Have I mentioned how much I like following Jessica (Liore) Cook on Twitter? My former MMORPG.com’s Game On co-host is not incredibly wordy, but when she does tweet, I give it my full attention. Her posts are simultaneously witty and insightful, and always uplifting. I should probably take tweet lessons from her, honestly. That’s a thing, right? I think it’s called social media branding.
Gamers are a strange bunch. We want to have input into the direction of our games, and we decry studios when we feel we’re being ignored. But it must be pretty tough to be a game studio, sifting through feedback on multiple issues, some of it in diametric opposition, knowing that you can’t please everybody. And then there’s the big question: Do gamers even know what we really want?
The big news in LOTRO land is that 19 of the 29 servers will soon begin closing down, leaving only ten active servers in production. When the dust settles, 5 servers in the US and 5 servers in Europe will remain. Further clarifications in the official forums have indicated that Turbine desires to disrupt as few players as possible. This indicates that servers with the largest populations stand the best chance to survive. With further extrapolation, my original and home server of Windfola is directly in the crosshairs, and I’m still not sure how to feel about it.
Continue reading “The Great LOTRO Server Migration”
In this episode, Sean from Gaming Conjecture joins me to talk through our experiences quitting or fading away from MMO’s and some of the reasons we chose to do so.
This month, I’m happy to have my friend Braag, proprietor of the Light the Beacons podcast, on the show to talk about LOTRO, community content creation, and using pseudonyms for our “gaming” personas. I also have a quick interview with my youngest son about his (and my) latest favorite game, Marvel Heroes 2015.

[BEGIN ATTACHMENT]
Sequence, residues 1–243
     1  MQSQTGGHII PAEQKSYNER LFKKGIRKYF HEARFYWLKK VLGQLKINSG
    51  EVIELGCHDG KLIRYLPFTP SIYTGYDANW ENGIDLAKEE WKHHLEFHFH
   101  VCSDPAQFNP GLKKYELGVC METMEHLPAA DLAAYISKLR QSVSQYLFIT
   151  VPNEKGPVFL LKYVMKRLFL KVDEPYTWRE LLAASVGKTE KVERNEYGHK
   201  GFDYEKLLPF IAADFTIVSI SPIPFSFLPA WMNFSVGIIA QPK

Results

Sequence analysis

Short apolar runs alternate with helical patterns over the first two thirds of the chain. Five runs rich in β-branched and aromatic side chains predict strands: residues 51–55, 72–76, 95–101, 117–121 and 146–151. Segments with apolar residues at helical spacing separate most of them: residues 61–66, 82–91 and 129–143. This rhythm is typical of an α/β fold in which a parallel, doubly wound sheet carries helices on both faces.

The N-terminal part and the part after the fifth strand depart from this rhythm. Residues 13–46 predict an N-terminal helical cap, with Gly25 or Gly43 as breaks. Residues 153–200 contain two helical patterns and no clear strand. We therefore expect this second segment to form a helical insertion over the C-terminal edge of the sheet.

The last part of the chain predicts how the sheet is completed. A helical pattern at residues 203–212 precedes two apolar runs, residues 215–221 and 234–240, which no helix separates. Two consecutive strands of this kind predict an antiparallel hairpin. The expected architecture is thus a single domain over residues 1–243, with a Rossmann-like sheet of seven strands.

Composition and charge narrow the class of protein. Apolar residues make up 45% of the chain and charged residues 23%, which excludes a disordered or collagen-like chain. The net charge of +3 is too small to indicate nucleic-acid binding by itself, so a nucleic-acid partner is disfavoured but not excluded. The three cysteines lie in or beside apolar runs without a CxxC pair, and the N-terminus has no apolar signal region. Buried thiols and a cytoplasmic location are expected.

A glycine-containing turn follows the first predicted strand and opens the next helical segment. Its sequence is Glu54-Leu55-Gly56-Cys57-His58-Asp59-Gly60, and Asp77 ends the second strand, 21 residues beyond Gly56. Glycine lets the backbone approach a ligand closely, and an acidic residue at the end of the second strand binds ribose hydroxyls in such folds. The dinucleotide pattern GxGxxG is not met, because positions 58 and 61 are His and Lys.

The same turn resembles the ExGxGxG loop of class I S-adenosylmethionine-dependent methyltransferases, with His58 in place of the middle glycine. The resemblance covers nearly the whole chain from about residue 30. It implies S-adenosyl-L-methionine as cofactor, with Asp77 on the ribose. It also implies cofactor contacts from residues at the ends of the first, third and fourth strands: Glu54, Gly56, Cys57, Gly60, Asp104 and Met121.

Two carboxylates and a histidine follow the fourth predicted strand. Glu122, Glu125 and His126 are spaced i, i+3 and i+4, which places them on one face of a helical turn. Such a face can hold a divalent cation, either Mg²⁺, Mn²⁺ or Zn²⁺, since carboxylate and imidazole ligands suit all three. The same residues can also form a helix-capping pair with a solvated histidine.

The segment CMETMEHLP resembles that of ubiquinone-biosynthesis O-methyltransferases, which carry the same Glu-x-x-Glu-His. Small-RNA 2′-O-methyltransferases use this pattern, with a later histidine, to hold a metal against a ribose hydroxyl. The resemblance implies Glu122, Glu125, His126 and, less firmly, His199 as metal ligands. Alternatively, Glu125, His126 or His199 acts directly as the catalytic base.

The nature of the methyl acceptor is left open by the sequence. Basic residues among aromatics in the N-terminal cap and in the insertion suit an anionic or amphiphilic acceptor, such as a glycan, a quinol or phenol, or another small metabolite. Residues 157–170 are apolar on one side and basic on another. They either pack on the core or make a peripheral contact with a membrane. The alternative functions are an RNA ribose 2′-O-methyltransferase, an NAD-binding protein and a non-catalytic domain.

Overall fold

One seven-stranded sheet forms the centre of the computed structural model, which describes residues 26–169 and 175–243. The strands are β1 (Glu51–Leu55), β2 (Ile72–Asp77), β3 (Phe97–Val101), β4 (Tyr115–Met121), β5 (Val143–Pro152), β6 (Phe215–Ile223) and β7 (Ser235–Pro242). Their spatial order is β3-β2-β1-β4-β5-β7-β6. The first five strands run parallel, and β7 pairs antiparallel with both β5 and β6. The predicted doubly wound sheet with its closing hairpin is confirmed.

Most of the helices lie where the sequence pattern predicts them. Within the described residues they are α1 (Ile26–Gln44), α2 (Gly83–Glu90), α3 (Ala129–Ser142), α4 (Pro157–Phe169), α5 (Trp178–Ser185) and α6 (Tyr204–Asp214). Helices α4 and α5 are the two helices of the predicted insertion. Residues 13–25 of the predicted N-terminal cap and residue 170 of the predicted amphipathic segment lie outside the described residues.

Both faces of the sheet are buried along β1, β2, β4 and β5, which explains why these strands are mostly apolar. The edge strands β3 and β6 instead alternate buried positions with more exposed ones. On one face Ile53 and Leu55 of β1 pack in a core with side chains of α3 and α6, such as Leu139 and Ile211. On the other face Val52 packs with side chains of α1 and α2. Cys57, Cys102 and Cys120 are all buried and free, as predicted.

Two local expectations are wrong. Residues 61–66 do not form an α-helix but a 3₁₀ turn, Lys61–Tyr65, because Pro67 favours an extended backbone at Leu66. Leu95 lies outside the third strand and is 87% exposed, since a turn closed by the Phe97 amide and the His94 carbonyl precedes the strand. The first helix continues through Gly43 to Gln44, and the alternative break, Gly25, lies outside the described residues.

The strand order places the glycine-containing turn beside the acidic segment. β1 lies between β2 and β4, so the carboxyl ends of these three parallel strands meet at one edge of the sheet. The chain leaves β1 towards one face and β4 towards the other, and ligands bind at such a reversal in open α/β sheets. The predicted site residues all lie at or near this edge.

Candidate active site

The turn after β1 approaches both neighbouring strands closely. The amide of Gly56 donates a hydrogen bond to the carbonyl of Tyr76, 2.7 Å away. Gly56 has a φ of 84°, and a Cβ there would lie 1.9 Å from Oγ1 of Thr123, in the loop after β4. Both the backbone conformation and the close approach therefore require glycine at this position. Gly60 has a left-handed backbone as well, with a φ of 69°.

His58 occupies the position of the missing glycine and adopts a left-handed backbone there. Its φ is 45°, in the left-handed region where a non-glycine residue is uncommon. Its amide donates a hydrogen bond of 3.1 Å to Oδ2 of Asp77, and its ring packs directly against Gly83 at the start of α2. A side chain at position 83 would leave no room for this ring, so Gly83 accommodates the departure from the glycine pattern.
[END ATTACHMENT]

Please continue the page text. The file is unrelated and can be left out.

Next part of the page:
I wrote about online relationships on Valentine’s Day of this year, a topic that was met with a lot of interest and about an equal amount of disagreement with my conclusions. That’s fine, but it’s probably something that I will always struggle with, especially since I’ve chosen to compartmentalize my gaming persona from my actual real-life “secret identity”. Who is Braxwolf, really? Is he a carefully crafted brand, simply another skin for my real-life personality, or a bit of both? Luckily, I’ve learned that I’m not the only one who grapples with some of the interesting new aspects of online social interaction.
Storytelling comes in many forms. In gaming, we play out scenes through our avatars and with our imaginations. As strange as it may seem, the creative storytelling process of filmmaking isn’t much different! In episode 17, Ron Newcomb and I examine Ron’s journey from law enforcement officer to filmmaker, some parallels between gaming and filmmaking, and the movement towards community involvement for independent filmmakers.